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location Germany
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visits member for 1 year, 8 months
seen Mar 19 at 14:09

Jul
31
awarded  Teacher
Jul
25
comment Why is every Divisor of the rational function field $K(x)$ over $K$ a principal divisor if $K$ is algebraically closed
So the statement is wrong as I suggested. Because the degree of a prime divisor is 1.
Jul
24
asked Why is every Divisor of the rational function field $K(x)$ over $K$ a principal divisor if $K$ is algebraically closed
Jun
5
comment What is meant by $|dxdy|^{1/2}$ in the integral?
What does the symbol $\wedge$ mean and thus $dx \wedge dy$?
Jun
5
comment What is meant by $|dxdy|^{1/2}$ in the integral?
And how would this expression change under changes of coordinates? I'm sorry if this is fundamental, but I'm not very familiar with analysis this deep. We had the projective coordinates: $x = x$ and $s = y/x$. So how would the written object change under the change of coordinates to those above?
Jun
5
asked What is meant by $|dxdy|^{1/2}$ in the integral?
Apr
16
comment Characterization of transcendental elements in algebraic function fields
@ YACP: Thank you very much for your help!
Apr
16
accepted Characterization of transcendental elements in algebraic function fields
Apr
16
comment Characterization of transcendental elements in algebraic function fields
Now I got it. If $z$ is transcendental over $K(X)$, then $K(z) \cong K(X)$ and $X$ is clearly algebraic over $K(X)$ since $X\cdot X^1 + X^2 \cdot X^0 = 0$ and $X \neq 0$ and $X^2 \neq 0$.
Apr
16
comment Characterization of transcendental elements in algebraic function fields
To the second part: Why is $z$ algebraic over $K(X)$, if $z$ is transcendental over $K$? EDIT: I haven't met him yet.
Apr
15
comment Characterization of transcendental elements in algebraic function fields
Does this change the situation to a convincing one? And yes, I'm new to field theory.
Apr
15
awarded  Editor
Apr
15
revised Characterization of transcendental elements in algebraic function fields
added 178 characters in body
Apr
15
asked Characterization of transcendental elements in algebraic function fields
Jan
22
answered Book/tutorial recommendations: acquiring math-oriented reading proficiency in German
Jan
19
comment Prove the Borel Lemma
It should have been: \begin{align} f^{(m)}(x) =& \sum\limits_{k=0}^{\infty} \frac{a_k}{k!} (x^k \cdot \chi_k(x))^{(m)}\\ =& \sum\limits_{k=0}^{\infty} \frac{a_k}{k!} \left( \sum\limits_{\beta=0}^{m}{m \choose \beta}\ (x^k)^{(\beta)} \cdot \chi_k(x)^{(m-\beta)}\right)\\ =& \sum\limits_{k=0}^{\infty} \frac{a_k}{k!} \left( (x^k)^{(m)}\cdot \chi_k(x)+\sum\limits_{\beta=0}^{m-1}{m \choose \beta}\ (x^k)^{(\beta)} \cdot \chi_k(x)^{(m-\beta)}\right) \end{align}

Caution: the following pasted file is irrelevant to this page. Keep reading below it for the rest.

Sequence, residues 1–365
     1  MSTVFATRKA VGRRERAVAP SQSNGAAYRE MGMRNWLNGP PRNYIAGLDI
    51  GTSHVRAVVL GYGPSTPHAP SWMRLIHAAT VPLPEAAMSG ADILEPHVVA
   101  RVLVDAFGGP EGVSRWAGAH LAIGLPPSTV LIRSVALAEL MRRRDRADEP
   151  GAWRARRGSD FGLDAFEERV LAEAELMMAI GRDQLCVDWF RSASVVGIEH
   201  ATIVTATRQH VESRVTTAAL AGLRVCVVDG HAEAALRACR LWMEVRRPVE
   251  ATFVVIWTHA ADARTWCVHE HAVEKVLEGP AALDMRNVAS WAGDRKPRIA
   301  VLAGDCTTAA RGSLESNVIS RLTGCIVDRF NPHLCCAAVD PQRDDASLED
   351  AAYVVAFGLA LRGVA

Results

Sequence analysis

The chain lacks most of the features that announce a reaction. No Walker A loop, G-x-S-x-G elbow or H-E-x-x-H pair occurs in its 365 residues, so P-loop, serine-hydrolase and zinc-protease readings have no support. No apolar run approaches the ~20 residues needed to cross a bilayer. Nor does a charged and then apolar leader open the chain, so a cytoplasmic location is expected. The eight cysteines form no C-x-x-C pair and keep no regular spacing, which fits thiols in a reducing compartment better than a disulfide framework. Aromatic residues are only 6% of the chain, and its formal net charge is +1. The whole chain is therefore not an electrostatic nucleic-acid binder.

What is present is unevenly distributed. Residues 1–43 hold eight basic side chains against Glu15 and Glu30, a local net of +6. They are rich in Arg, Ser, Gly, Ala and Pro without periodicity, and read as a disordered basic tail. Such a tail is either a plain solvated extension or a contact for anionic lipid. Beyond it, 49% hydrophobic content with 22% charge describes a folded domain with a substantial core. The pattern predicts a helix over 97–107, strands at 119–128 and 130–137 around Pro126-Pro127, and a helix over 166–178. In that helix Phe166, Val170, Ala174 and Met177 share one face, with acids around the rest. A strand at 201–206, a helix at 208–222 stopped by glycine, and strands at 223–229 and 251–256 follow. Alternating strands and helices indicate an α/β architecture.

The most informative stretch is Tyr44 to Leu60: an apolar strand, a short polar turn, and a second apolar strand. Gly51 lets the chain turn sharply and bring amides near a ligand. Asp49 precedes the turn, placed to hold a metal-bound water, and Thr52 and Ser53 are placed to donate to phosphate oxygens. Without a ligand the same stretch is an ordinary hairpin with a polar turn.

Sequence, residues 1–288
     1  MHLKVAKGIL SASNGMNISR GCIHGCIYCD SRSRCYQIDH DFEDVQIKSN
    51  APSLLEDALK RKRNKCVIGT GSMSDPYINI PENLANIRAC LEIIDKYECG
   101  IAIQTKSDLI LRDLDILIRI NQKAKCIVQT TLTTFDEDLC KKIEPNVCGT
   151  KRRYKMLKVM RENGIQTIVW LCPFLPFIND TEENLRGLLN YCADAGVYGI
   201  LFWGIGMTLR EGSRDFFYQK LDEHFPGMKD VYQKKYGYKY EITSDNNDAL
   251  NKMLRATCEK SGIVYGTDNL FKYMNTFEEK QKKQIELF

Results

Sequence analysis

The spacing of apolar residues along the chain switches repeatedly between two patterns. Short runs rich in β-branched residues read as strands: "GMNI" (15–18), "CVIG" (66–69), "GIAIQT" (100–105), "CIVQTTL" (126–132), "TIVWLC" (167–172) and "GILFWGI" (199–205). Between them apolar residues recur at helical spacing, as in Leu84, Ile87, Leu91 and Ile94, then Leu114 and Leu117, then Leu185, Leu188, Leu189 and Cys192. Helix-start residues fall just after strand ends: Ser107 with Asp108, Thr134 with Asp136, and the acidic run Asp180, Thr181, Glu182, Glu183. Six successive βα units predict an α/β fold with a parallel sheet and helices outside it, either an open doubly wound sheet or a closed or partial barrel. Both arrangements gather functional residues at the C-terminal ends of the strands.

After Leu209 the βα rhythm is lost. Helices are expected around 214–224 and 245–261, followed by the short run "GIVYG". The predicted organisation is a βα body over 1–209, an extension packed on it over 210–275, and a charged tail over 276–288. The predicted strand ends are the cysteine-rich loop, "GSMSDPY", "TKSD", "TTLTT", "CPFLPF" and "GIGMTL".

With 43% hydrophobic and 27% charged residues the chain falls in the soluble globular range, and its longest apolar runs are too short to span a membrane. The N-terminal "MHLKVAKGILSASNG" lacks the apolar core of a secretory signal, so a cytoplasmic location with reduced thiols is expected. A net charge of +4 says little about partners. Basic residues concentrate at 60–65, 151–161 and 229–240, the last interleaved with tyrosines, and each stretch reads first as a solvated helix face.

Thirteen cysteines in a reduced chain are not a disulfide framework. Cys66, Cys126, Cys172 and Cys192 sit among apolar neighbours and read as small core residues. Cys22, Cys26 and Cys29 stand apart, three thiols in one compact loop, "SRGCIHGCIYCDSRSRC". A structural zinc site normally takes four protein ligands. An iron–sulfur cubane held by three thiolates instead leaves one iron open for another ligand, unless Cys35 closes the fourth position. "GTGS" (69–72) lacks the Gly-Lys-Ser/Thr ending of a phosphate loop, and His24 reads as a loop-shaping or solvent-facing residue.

Jan
19
comment Prove the Borel Lemma
Now we should ensure that $f$ is doing the trick: $f^{(k)}(0) = a_k$. Because of $\chi_k(0) = 1$ and $(x^k)^{(m)}\Big|_{x=0} \neq 0$ only for $m=k$ it follows that $$ f^{(k)}(0) = \frac{a_k}{k!} \left( k! \right) = a_k.$$ If there are no serious misleadings in my thoughts the only thing that misses is to find the proper $(r_k)$ ensuring that $\chi_k$ is cutting off right, even if $(a_k)$ is divergent. This $(r_k)$ should be directly related with $(a_k)$.
Jan
19
comment Prove the Borel Lemma
where $$(x^k)^{(m)} = \begin{cases} \frac{k!}{(m-1)!}\ x^{k-m}&,\ m<k\\ k!&,\ m=k\\ 0&,\ m>k \end{cases} $$ It should be $\chi_k(x) \leq c_k, c_k \in \mathbb{C}$ and $\chi_k^{(m)}(x)$ cutting off (for a proper $(r_k)$) the trouble making $(x^k)^{(\beta)}$ for $|x| >1$, hence $f \in C^{\infty}(\mathbb{C})$ even if $(a_k)$ is divergent, but only fo a proper series $(r_k)$ letting $\chi_k^{(m-\beta)}(x)$ cut off those $a_k$ making trouble. For $a_k$ convergent this is obvious.
Jan
19
comment Prove the Borel Lemma
Now I observe the $m-$th derivative: $$\begin{align} f^{(m)}(x) =& \sum\limits_{k=0}^{\infty} \frac{a_k}{k!} (x^k \cdot \chi_k(x))^{(m)}\\ =& \sum\limits_{k=0}^{\infty} \frac{a_k}{k!} \left( \sum\limits_{\beta=0}^{m}{m \choose \beta}\ (x^k)^{(\beta)} \cdot \chi_k(x)^{(m-\beta)}\right)\\ =& \sum\limits_{k=0}^{\infty} \frac{a_k}{k!} \left( (x^k)^{(m)}\cdot \chi_k(x)+\sum\limits_{\beta=1}^{m}{m \choose \beta}\ (x^k)^{(\beta)} \cdot \chi_k(x)^{(m-\beta)}\right) \end{align} $$
Jan
19
comment Prove the Borel Lemma
So then $$\chi_k^{(m)}(x) = \begin{cases} 0,& |x| \leq r_k \text{ or } |x| \geq r_k +1\\ \in C^{\infty},& \text{ else} \end{cases} .$$